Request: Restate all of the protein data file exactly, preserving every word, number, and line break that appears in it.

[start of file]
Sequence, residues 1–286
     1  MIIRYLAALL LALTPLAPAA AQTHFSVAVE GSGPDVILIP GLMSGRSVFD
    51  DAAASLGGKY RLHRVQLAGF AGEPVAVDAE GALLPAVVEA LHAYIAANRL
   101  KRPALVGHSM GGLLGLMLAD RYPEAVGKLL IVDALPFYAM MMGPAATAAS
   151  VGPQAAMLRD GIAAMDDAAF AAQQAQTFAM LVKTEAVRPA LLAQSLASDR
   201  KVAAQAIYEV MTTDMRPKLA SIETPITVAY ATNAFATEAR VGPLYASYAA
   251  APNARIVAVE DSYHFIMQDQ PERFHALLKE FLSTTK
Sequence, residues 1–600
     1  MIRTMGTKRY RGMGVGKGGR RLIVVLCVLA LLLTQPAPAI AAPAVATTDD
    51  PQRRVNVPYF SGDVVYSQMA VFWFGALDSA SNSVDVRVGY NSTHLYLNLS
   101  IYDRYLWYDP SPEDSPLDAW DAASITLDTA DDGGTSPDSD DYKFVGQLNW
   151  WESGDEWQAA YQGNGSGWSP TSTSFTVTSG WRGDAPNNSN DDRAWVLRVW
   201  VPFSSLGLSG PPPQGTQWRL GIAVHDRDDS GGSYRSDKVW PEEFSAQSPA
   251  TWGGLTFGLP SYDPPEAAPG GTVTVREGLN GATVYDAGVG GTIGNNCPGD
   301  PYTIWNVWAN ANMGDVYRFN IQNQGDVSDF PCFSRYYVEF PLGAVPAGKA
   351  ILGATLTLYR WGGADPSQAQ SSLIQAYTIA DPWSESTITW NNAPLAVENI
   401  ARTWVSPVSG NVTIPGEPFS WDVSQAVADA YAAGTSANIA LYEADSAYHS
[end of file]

Sequence, residues 1–286
     1  MIIRYLAALL LALTPLAPAA AQTHFSVAVE GSGPDVILIP GLMSGRSVFD
    51  DAAASLGGKY RLHRVQLAGF AGEPVAVDAE GALLPAVVEA LHAYIAANRL
   101  KRPALVGHSM GGLLGLMLAD RYPEAVGKLL IVDALPFYAM MMGPAATAAS
   151  VGPQAAMLRD GIAAMDDAAF AAQQAQTFAM LVKTEAVRPA LLAQSLASDR
   201  KVAAQAIYEV MTTDMRPKLA SIETPITVAY ATNAFATEAR VGPLYASYAA
   251  APNARIVAVE DSYHFIMQDQ PERFHALLKE FLSTTK
Sequence, residues 1–600
     1  MIRTMGTKRY RGMGVGKGGR RLIVVLCVLA LLLTQPAPAI AAPAVATTDD
    51  PQRRVNVPYF SGDVVYSQMA VFWFGALDSA SNSVDVRVGY NSTHLYLNLS
   101  IYDRYLWYDP SPEDSPLDAW DAASITLDTA DDGGTSPDSD DYKFVGQLNW
   151  WESGDEWQAA YQGNGSGWSP TSTSFTVTSG WRGDAPNNSN DDRAWVLRVW
   201  VPFSSLGLSG PPPQGTQWRL GIAVHDRDDS GGSYRSDKVW PEEFSAQSPA
   251  TWGGLTFGLP SYDPPEAAPG GTVTVREGLN GATVYDAGVG GTIGNNCPGD
   301  PYTIWNVWAN ANMGDVYRFN IQNQGDVSDF PCFSRYYVEF PLGAVPAGKA
   351  ILGATLTLYR WGGADPSQAQ SSLIQAYTIA DPWSESTITW NNAPLAVENI
   401  ARTWVSPVSG NVTIPGEPFS WDVSQAVADA YAAGTSANIA LYEADSAYHS